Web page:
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War Dogs Shows Another Side of War

3 minutes to read

War Dogs, while heavily embellished and fictionalized when it comes to the plot of the main characters, still manages to show a realistic representation of the side of war that’s not often shown, the dollar bills yo.

The film directed by Todd Phillips (The Hangover trilogy) and starring Miles Teller (Whiplash) and Jonah Hill (lots of stuff) starts out strong, providing laughs and an interesting story. The film hits its peak around the middle but then goes down hill from there, eventually petering out to a slow and underwhelming finish.

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The film does a good job on shedding a light on a topic that not many of the world know about, the big business behind wars. While it does not do a good of a job as a film like The Big Short (focused on the GFC) did in approaching a large eco-political issue, it still was able to present it in an informative and entertaining manner which makes it worth watching.

The film is worth watching alone for the indescribably hilarious laugh that Jonah Hill deploys. It feels odd saying his laugh was the highlight of the film but it truly was I am still doing it to myself now at home as I do this (I sound insane). Hill’s performance was solid but he was much more charismatic during the more lighthearted parts of the film than opposed to when the film took a more serious turn.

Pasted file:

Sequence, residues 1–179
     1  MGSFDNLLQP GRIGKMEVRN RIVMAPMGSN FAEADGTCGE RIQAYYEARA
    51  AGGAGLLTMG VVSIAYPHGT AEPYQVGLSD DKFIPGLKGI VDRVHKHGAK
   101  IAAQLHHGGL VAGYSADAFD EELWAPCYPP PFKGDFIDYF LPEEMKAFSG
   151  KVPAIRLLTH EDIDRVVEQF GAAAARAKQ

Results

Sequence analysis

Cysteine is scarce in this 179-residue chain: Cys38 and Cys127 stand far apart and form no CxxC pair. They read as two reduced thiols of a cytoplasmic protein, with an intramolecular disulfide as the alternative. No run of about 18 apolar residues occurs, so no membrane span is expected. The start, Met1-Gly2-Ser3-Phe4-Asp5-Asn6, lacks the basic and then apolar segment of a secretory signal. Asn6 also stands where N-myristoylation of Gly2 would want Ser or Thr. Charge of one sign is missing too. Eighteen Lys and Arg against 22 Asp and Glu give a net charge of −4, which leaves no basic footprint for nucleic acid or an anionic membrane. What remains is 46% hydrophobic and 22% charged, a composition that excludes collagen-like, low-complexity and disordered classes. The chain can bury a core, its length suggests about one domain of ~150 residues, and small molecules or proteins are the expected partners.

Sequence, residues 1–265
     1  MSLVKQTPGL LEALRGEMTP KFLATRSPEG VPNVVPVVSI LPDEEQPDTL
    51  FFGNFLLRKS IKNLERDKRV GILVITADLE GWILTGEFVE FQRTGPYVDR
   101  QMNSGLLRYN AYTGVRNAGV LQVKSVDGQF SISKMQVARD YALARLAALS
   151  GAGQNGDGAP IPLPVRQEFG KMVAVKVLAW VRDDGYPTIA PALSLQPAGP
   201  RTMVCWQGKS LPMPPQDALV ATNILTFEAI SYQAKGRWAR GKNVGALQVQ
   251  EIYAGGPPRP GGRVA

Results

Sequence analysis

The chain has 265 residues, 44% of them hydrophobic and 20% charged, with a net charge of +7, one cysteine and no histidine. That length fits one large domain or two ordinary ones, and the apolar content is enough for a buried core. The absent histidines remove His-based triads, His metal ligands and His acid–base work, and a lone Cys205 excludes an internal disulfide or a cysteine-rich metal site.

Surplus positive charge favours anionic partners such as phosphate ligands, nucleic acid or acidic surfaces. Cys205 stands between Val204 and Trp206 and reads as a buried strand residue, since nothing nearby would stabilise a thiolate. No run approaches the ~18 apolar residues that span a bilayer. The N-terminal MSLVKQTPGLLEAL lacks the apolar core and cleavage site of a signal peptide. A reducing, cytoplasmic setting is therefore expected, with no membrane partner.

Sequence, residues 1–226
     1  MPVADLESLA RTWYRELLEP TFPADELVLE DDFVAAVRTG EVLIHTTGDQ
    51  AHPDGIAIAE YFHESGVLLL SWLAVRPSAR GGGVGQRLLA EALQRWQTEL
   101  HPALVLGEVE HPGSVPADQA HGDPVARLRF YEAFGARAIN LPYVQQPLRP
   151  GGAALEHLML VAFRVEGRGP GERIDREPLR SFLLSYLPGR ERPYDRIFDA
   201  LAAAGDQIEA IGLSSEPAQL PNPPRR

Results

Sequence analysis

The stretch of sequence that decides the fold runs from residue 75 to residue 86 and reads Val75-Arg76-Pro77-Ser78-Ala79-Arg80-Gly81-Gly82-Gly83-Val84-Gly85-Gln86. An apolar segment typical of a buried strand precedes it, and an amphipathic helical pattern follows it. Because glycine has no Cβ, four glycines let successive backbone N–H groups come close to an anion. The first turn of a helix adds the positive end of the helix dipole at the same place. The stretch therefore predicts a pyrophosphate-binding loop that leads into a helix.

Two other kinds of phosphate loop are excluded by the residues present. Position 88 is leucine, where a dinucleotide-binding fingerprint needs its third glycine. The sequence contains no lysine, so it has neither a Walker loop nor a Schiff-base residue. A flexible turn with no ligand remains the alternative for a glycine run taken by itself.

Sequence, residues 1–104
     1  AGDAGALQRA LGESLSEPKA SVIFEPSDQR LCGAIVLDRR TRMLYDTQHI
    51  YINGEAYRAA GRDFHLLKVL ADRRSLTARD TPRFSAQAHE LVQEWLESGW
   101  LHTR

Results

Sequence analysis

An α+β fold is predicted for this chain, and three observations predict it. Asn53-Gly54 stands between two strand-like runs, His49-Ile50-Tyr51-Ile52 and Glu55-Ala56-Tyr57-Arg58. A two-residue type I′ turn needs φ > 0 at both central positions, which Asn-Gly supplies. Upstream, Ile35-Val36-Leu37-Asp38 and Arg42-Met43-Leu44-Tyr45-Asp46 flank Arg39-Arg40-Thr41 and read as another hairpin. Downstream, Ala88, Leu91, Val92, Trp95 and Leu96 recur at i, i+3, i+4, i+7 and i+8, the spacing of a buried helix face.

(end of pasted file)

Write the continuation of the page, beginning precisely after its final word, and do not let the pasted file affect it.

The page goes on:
Miles Teller did a serviceable job but still failed to live up to the hype that has surrounded him after Whiplash, as he was unable to keep up with Hill, and also struggled in the later stages of the film. Teller also had little onscreen chemistry with his onscreen girlfriend played by Ana De Armas. Bradley Cooper was used to add some gravitas and veteran star power, but his character mostly fell felt as he failed to prove a performance to tie the film together.

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Director Phillips had the right vision and I thought he nailed it through the first two thirds of the film, but he struggled with pacing and handling the most dramatic parts of the story. Most of the editing choices were good, but the choice to title each chapter of the film with an upcoming line was a little too reminiscent of Fraiser (maybe it’s because I watched it this morning). One area that this film nailed was the musical score by Cliff Martinez which was diverse and fitted each scene perfectly.

Overall, the film struggled to bring everything together to make a complete film, but it provides an interesting and informative look at money behind war and provides an important perspective. This film is worth seeing for that reason and Jonah Hill’s laugh, just don’t expect a masterpiece.

Rating 6/10; Genre 6/10